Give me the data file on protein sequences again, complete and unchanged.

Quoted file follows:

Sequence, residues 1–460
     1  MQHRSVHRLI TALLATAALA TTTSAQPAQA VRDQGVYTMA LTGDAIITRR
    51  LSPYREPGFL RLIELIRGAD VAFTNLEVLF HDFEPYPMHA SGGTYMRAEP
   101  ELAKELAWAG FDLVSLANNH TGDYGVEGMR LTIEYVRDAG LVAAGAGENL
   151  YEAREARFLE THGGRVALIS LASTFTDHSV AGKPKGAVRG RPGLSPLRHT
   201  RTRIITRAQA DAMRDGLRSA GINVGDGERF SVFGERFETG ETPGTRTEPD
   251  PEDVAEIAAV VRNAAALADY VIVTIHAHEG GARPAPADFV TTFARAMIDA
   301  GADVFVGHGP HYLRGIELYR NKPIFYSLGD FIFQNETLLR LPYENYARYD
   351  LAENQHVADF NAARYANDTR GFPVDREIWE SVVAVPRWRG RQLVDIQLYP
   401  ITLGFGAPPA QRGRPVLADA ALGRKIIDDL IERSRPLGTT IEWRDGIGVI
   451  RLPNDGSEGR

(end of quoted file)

Sequence, residues 1–460
     1  MQHRSVHRLI TALLATAALA TTTSAQPAQA VRDQGVYTMA LTGDAIITRR
    51  LSPYREPGFL RLIELIRGAD VAFTNLEVLF HDFEPYPMHA SGGTYMRAEP
   101  ELAKELAWAG FDLVSLANNH TGDYGVEGMR LTIEYVRDAG LVAAGAGENL
   151  YEAREARFLE THGGRVALIS LASTFTDHSV AGKPKGAVRG RPGLSPLRHT
   201  RTRIITRAQA DAMRDGLRSA GINVGDGERF SVFGERFETG ETPGTRTEPD
   251  PEDVAEIAAV VRNAAALADY VIVTIHAHEG GARPAPADFV TTFARAMIDA
   301  GADVFVGHGP HYLRGIELYR NKPIFYSLGD FIFQNETLLR LPYENYARYD
   351  LAENQHVADF NAARYANDTR GFPVDREIWE SVVAVPRWRG RQLVDIQLYP
   401  ITLGFGAPPA QRGRPVLADA ALGRKIIDDL IERSRPLGTT IEWRDGIGVI
   451  RLPNDGSEGR